Branded QuiCur, the technique is intended to reduce the amount of capacitance needed at the supply’s output, while navigating the balance between fast loop response for good load and line fluctuation response, and the instability caused if the loop is too quick.
According to the company, it does two things:
Allows the 0dB cross-over frequency to be pushed higher (through the area labelled as ‘unusable’ in the top part of the diagram below). Electronics Weekly has asked Rohm for more detail here.
And the variable gain amplifier can be set to stabilise the 0dB cross-over frequency in the face of different values of output capacitor.
“Although the zero-cross frequency may vary depending on the connected output capacitance, by adjusting the amplification factor, the zero-cross frequency can always be set at the limit” (blue-pink boundary line in lower diagram left).
A set of demonstration dc-dc converters producing a 1V output from a 5V input (below) were subject to a 0A to 2A step in 2μs.
A conventional loop with a 100kHz 0dB cross-over and the four 22μF capacitors shown resulted in a 30mV output dip (below).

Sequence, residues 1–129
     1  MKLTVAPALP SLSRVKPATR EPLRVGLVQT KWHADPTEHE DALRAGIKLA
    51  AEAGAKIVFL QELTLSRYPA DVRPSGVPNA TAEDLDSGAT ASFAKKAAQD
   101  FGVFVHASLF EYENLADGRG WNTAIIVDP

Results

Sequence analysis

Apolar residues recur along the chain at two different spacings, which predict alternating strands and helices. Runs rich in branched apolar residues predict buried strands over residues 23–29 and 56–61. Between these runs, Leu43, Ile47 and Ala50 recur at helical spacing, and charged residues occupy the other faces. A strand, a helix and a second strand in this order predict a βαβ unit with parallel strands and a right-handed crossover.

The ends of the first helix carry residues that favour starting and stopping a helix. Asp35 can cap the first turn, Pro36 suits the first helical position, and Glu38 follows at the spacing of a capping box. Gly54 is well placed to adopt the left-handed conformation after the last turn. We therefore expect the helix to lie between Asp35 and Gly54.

Turning on the new loop with only a single 22μF output capacitors fitted and 300kHz 0dB cross-over achieved almost the same performance: a 40mV dip.
Adding a second 22μF capacitor, totalling 44μF compared with 88μF in the conventional design, dropped the dip to 20mV while and maintained the 300kHz 0dB cross-over, according to Rohm.
Incorporating the newly developed high-speed load response technology QuiCur™ in power supply ICs makes it possible to achieve the ideal performance without causing instability in feedback circuits. Not only can the number of external components and mounting area be reduced by minimizing the capacitance of the output capacitor required by the power supply IC, but linear adjustment of the capacitance and output voltage fluctuations (negative constant proportional relationship) is enabled, ensuring stable operation even when the capacitance increases due to specification changes. This contributes to a significant reduction in power supply circuit design resources by providing stable operation with fewer external components.
ROHM is currently working to commercialize QuiCur™-equipped power supply ICs, with plans to ship samples of DC/DC converter ICs in April and LDOs in July of this year.
(Fig. 1 + 2)
QuiCur™ Technology’s detail
(Fig. 4 + 5)
Click on the URL below for more information on Nano Cap™.
ROHM Establishes QuiCur: Maximizing the Response Performance of Power Supply ICs
Contributing to reducing power supply circuit design resources by providing stable operation with fewer external components
Willich-Münchheide, Germany, March 24, 2022 –